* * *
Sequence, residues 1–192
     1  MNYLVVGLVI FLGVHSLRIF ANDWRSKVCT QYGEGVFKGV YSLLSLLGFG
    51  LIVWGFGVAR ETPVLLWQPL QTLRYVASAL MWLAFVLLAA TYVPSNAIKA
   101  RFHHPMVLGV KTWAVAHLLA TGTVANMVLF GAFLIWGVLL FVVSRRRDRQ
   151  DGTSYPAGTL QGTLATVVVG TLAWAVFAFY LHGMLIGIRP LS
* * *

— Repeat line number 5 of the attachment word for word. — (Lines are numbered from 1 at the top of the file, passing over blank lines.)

   151  DGTSYPAGTL QGTLATVVVG TLAWAVFAFY LHGMLIGIRP LS